We see no better way to kick off our first Playbook of 2020 than with a contemporary Tale of Two Cities, or a civil service equivalent of a Marvel-DC crossover, depending on which generation you hail from; drama, suspense, emotion – it’s all there for you to enjoy. We begin with post-Brexit reflections, refresh our previous brief on Sahel, and wrap up with nothing short of clown warfare. Welcome to the Roaring 20’s.
It was the best of times, it was the worst of times, it was the age of hardware appliances lining the Champs-Elysées, it was the epoch of strikes galore. It was and also continues to be the season of French firefighters taking a leaf out of “The Joker’s” book (and his makeup routine as well) and storming the Parisian streets, setting themselves on fire, and dodging water-gun assaults, in the pursuit of higher pay and an increase in their hazard bonus. We wouldn’t expect any less from our first French Playbook of 2020. In this edition, we’ll cover the great European heartbreak in the wake of Brexit, update you on what has been happening in Sahel, and shed more light on why clown-faced “sapeurs-pompiers” have been self-immolating. Let’s get into it.
“Have a nice life”
With Brexit finally behind us, the general French public reflected on their longstanding, but not always so amicable relationship with their cross-channel companions, with general sentiment sounding a tune very akin to that of a midlife crisis breakup. Some wished the UK well in its future pursuits, others called the split a “shame”, one gentleman was glad that one party finally took matters into their own hands; hindsight, though, is 20-20, and looking forward, the European Commission charged with carving out a comprehensive trade deal between the now-27 state bloc and Britain seeks to reach a “zero-tariffs and zero-quotas trade deal” by the end of 2020. Boris, however, not so keen to return to whence he came, responded standoffishly, holding that “there is no need for a free trade agreement to involve accepting EU rules on competition policy, subsidies, social protection, the environment or anything similar, any more than the EU should be obliged to accept UK rules.” A “No-Deal” Brexit is therefore still a possibility if neither party cedes ground.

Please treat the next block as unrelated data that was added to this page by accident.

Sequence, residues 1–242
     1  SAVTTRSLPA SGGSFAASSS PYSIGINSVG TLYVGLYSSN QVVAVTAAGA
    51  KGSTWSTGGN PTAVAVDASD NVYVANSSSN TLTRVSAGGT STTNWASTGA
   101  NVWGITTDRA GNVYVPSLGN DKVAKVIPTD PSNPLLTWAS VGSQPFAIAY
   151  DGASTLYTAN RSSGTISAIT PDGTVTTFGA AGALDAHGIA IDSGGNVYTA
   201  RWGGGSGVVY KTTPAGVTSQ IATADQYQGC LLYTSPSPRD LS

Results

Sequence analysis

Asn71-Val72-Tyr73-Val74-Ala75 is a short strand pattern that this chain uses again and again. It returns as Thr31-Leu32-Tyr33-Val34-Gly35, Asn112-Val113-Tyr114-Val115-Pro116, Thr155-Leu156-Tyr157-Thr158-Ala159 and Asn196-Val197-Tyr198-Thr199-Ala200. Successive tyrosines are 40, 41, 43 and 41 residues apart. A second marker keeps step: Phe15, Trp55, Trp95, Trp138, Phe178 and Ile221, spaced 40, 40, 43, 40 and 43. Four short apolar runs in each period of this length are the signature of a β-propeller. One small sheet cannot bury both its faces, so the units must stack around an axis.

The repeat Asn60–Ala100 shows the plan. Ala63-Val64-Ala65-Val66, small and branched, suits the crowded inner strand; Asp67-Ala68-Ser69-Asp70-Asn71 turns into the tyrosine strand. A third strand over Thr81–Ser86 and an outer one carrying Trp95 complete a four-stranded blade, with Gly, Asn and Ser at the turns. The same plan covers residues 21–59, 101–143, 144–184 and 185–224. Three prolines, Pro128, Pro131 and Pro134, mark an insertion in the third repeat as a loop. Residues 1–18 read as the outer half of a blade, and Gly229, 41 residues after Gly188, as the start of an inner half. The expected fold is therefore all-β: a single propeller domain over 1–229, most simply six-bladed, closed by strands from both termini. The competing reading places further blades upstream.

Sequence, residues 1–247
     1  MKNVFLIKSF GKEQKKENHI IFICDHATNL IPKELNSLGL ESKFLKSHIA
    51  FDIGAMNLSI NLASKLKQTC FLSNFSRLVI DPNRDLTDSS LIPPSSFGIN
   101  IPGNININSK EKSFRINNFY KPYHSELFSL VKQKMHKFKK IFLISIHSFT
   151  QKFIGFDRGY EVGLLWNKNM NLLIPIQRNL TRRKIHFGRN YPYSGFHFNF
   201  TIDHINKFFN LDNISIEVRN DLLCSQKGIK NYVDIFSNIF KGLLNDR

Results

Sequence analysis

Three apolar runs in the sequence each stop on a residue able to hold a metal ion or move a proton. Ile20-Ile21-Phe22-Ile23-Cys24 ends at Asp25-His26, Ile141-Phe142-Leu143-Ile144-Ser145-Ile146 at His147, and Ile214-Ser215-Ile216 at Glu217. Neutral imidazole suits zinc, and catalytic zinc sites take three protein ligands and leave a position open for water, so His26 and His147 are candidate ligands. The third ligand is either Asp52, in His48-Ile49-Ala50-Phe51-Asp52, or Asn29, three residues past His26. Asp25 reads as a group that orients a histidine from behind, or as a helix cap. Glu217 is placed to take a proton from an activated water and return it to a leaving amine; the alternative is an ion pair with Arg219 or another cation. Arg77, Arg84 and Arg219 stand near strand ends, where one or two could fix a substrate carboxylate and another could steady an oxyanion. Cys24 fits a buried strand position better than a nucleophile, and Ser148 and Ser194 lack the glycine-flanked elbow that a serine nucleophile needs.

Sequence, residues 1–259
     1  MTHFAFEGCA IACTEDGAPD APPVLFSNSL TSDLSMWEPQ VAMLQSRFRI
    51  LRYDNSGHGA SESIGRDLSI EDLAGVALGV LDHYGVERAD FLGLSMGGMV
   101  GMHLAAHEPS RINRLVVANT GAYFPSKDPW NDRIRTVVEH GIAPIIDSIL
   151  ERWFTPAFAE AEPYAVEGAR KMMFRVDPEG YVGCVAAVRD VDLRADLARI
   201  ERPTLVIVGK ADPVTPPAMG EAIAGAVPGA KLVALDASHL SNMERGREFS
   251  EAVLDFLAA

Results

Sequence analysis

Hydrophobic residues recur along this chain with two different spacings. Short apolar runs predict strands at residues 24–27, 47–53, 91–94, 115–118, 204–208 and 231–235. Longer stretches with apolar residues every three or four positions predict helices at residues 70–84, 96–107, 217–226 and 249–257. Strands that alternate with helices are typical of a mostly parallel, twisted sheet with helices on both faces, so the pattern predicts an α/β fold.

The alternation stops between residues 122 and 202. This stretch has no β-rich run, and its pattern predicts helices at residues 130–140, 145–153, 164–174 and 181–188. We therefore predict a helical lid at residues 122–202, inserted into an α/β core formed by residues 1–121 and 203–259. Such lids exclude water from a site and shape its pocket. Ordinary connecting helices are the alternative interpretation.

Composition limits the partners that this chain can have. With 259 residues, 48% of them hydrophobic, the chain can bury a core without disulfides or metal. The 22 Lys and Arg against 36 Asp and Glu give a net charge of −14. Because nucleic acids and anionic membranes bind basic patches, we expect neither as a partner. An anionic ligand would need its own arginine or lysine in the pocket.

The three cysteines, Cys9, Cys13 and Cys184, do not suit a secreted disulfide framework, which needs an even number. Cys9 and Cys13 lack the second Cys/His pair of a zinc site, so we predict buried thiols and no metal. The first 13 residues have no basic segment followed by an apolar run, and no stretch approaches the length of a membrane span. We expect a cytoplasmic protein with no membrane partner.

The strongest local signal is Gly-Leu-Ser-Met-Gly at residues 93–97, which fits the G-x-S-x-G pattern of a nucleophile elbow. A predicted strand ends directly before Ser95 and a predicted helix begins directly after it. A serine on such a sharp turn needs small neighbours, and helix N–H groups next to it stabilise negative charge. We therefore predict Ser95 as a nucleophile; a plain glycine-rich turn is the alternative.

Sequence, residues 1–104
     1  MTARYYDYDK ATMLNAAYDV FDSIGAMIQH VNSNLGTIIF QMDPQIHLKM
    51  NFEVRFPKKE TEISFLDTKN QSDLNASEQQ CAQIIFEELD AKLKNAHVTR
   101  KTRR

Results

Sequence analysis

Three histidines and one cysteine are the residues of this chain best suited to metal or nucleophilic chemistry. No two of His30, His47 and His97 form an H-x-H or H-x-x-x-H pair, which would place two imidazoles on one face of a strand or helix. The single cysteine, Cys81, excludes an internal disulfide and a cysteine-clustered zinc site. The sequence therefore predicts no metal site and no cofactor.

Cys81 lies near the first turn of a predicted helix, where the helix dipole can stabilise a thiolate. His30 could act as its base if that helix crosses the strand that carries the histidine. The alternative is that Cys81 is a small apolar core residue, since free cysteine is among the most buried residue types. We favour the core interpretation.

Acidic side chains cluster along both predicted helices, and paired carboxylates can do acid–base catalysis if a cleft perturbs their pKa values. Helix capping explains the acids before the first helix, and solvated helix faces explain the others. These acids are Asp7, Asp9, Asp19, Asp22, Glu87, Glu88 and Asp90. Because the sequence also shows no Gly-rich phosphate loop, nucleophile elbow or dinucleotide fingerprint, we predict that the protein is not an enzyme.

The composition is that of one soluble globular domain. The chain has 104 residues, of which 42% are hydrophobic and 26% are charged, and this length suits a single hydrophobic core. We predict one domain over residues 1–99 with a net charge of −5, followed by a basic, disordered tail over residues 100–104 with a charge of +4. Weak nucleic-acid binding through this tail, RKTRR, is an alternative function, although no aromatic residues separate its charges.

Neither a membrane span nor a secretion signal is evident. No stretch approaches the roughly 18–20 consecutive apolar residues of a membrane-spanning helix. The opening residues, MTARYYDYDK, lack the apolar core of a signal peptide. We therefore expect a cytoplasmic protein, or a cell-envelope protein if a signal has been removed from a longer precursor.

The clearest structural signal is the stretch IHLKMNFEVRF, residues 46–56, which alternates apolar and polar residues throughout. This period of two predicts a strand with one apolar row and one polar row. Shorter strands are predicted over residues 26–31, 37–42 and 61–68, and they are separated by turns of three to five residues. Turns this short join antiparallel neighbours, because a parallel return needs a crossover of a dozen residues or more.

“Wherefore art thou Brexiting?”
Left on Read
The last time Sahel was on the docket, we discussed the troubles France has been facing in the region for the past seven years, quelling insurgencies both in and outside of the Libyan border, while attempting to restore undisputed sovereignty in the state. As of the 29th of January, things got even more messy, as Turkish warships, accompanied by Syrian mercenaries, were sighted near the Libyan shoreline, just several weeks after, according to the BBC, “world leaders pledged not to interfere in Libya’s civil conflict and vowed to uphold a UN arms embargo.” So much for that pinky promise. The Libyan imbroglio, only further muddled by its transformation into something of a proxy war, with UN forces backing the Tripoli-based government and the French state in support of General Khalifa Haftar, the avowed government rival, risks straying further and further away from a place of compromise, a bad sign for the future of North African geopolitics and another pressure point for the G7. After Macron had accused Erdogan of purposely stoking conflict, the Turkish premier opted to leave the French president on “read”, while UN Special Envoy to Libya Ghassan Salamé held that “a political solution to the conflict was best for all parties”. If only it were that simple.
Under the Big Top Tent
France’s very own live-action “West Side Story” remake unfolded last week, when firemen and riot police battled it out on the Parisian streets in the most bizarre fashion imaginable. Each side clad in uniform, several firefighters opted to also don Joker-inspired makeup, advancing on a phalanx of riot shields, while bracing from the impact of “sting-ball” grenades and explosive teargas. Firefighters also lit themselves on fire as a form of protest, fighting for better pay and work conditions, as well as an increase in their hazard bonus, which has remained unchanged since 1990. And Le President de la République’s response to all of this tumult? Predictably, he remained non-partisan as can be, and, according to the Guardian, “warned that the “unacceptable behaviour” of some officers risked undermining the “credibility and dignity” of the force,” while also denouncing “the violence of some extremist protesters.” While this headbutting may seem to be just another instance in the protest-ridden contemporary history of the Fifth Republic, it remains unknown just how many more straws this camel’s back can handle. With Macron’s popularity in the French capital now slipping, the same city 90% in his camp in 2017, he will need to play the Risk board ever more tactically, winning back favor slowly but surely if his political aspirations extend past 2022.